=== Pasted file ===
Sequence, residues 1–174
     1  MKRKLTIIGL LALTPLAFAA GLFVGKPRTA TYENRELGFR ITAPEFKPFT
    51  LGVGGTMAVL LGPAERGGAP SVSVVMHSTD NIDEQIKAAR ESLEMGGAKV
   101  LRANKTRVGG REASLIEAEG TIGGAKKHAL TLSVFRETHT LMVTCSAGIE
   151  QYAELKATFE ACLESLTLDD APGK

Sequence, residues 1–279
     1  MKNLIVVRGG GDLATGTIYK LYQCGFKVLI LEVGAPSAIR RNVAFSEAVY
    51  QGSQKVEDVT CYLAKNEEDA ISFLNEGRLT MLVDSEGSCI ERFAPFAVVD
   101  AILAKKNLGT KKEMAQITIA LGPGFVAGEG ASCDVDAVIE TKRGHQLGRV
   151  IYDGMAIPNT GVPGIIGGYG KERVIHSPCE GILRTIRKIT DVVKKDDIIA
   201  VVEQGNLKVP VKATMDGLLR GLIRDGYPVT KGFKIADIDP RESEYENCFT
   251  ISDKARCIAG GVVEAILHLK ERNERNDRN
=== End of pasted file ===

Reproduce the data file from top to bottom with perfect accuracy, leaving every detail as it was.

Sequence, residues 1–174
     1  MKRKLTIIGL LALTPLAFAA GLFVGKPRTA TYENRELGFR ITAPEFKPFT
    51  LGVGGTMAVL LGPAERGGAP SVSVVMHSTD NIDEQIKAAR ESLEMGGAKV
   101  LRANKTRVGG REASLIEAEG TIGGAKKHAL TLSVFRETHT LMVTCSAGIE
   151  QYAELKATFE ACLESLTLDD APGK

Sequence, residues 1–279
     1  MKNLIVVRGG GDLATGTIYK LYQCGFKVLI LEVGAPSAIR RNVAFSEAVY
    51  QGSQKVEDVT CYLAKNEEDA ISFLNEGRLT MLVDSEGSCI ERFAPFAVVD
   101  AILAKKNLGT KKEMAQITIA LGPGFVAGEG ASCDVDAVIE TKRGHQLGRV
   151  IYDGMAIPNT GVPGIIGGYG KERVIHSPCE GILRTIRKIT DVVKKDDIIA
   201  VVEQGNLKVP VKATMDGLLR GLIRDGYPVT KGFKIADIDP RESEYENCFT
   251  ISDKARCIAG GVVEAILHLK ERNERNDRN